Google Doodle …. Rubik’s cube is forty!!

~~May 19, 2014~~

Rubik’s Cube invention: Google Doodle celebrates 40th anniversary of puzzle

~never meant to be a toy~

Google has celebrated the 40th birthday of the Rubik’s Cube with an animated doodle that allows you to try to solves the puzzle online.

In traditional Google Doodle fashion – the search company chooses important dates to celebrate with special drawings and links – the honor is interactive. The corners of the cube can be twisted and turned using your mouse, allowing you to have all the faces match a single colour. Eventually perhaps.

Invented by Hungarian sculptor and professor of architecture Erno Rubik, it is believed that 350 million cubes were sold as of January 2009, making it the world’s top-selling puzzle game and toy.

There are only a handful of toys that last more than a generation. But the Rubik’s cube, now joins the likes of Barbie, Play-Doh, Lego and the Slinky, as one of the great survivors in the toy cupboard.

What makes its success all the remarkable is that it did not start out as a toy. The Rubik’s cube was invented in 1974 by Erno Rubik, a Hungarian architect, who wanted a working model to help explain three-dimensional geometry.

After a month, and using a method of rearranging the corners of each side first, he finally solved the puzzle.

Being from Hungary, then behind the Iron Curtain, it meant that Rubik took a few years to market the cube as a toy. It was shown at the Nuremberg Toy Fair in 1979 (a toy fair which has seen many great toys be launched, such as Playmobil in 1974), and was spotted as a potential hit.

It was licensed to the Ideal Toy Corp in 1980 and, by January 2009, more than 350 million units had been sold worldwide, making it the biggest-selling toy of all time.

Its heyday was in the early 1980s – it won Toy of the Year in the UK in both 1980 and 1981 – even though the great majority of children could not solve the cube and resorted to cheating by peeling off the coloured stickers.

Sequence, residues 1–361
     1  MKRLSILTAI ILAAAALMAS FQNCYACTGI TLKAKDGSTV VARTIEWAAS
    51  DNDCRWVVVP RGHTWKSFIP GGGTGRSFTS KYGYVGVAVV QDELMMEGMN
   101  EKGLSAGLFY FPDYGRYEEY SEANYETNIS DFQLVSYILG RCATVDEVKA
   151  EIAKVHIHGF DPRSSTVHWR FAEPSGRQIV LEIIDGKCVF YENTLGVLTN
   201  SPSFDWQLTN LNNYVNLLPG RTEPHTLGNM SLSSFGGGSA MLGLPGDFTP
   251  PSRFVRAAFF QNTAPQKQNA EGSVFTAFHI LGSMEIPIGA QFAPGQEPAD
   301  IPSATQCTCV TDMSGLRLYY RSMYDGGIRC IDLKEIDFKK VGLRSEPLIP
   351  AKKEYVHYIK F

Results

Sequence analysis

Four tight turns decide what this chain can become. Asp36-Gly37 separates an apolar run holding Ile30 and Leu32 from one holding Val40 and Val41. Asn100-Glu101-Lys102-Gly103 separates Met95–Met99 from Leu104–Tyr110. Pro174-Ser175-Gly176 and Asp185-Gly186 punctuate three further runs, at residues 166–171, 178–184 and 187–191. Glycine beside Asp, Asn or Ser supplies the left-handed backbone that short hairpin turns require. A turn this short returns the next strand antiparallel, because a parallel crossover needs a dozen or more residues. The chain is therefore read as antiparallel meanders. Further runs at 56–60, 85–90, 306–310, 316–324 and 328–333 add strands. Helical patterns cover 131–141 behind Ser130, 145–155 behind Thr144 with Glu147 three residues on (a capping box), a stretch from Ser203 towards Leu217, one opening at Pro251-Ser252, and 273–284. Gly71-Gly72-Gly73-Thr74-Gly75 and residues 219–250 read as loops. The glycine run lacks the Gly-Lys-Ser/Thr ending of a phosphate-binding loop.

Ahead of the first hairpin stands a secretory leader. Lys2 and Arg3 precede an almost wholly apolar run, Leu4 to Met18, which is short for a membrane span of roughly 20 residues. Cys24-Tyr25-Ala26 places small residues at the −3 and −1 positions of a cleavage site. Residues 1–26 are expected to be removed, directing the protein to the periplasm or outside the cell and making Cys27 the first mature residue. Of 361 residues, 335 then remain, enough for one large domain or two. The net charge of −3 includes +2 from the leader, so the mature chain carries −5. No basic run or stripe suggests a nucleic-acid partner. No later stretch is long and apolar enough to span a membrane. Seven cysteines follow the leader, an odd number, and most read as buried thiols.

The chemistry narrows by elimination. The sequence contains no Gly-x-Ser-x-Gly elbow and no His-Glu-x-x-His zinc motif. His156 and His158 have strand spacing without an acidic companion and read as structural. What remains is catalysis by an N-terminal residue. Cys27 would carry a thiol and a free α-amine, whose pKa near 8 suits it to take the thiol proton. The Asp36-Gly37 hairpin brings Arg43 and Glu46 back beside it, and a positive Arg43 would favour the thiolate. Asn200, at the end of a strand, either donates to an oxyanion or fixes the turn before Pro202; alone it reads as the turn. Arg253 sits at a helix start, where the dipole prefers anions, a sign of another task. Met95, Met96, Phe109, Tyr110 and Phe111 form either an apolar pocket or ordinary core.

It then fell from fashion, but never completely disappeared, thanks in part to “speed cubing” competitions, where people tried to solve the cube as quickly as possible.

The current world record for single time on a Rubik’s Cube was set by Dutchman Mats Valk in March 2013 with a time of 5.55 seconds.

Erno Rubik fashioned the first cube himself, hand-carving the ‘cubelets’. It took him one month before he was able to solve the Cube for himself.

It was licensed to the Ideal Toy Corp in 1980 and, by January 2009, more than 350 million units had been sold worldwide, making it the biggest-selling toy of all time and a retro favourite for anyone who was young in the 80s.

The cube’s six faces are each made up of nine stickered squares, with each row and column being independently manipulable around a central pivot, meaning that squares can be moved to different positions on the 3D cube, with the aim of the puzzle being to return the cube to its original configuration, with each face one colour: red, blue, white, green, yellow and orange.

It is very hard.

Speedcubers‘ race each other to complete cubes in speeds as fast as six seconds, while every legally muddled cube is solvable in just 20 moves. There are in fact over 43 quintillion permutations of the cube – that is, unique distributions of the 54 coloured squares over the six faces.

In the Google animation, the cube is at first shown performing a simple loop, with a basic version of the company’s logo showing up in coloured squares on a white cube.

When you click on it, however, the cube enlarges and becomes fully coloured, and allows the user to rotate the rows and columns horizontally and vertically, and manipulate the cube as a whole, thus playing it properly.


~~Rubik’s Cube invention (solved it) Google Doodle~~

~~Published on May 18, 2014~~

Google Doodle for today, May 19, 2014 is about Rubik’s Cube invention. It is an interactive Google Doodle displayed worldwide on the Google homepage. The controlling in the Doodle is a bit difficult.

We ALL are ONE!!

9 thoughts on “Google Doodle …. Rubik’s cube is forty!!

  1. My youngest daughter had me convinced when she was about six that she could figure out the Rubik’s Cube in a short time. She was one of those kids that was clever and could do amazing things. It turned out that she was peeling the colored squares off and placing them as they should be. To come up with that showed me that she would be successful or a criminal. 😀 It turned out she is a successful artist and professor. Ah! Kids!


  2. My son worked the Rubik’s cube on his second try when he was 8. I have never been able to do it yet and he still laughs at my efforts when he sees the cube in my apartment. Sometimes I think I should have had my grandkids first.


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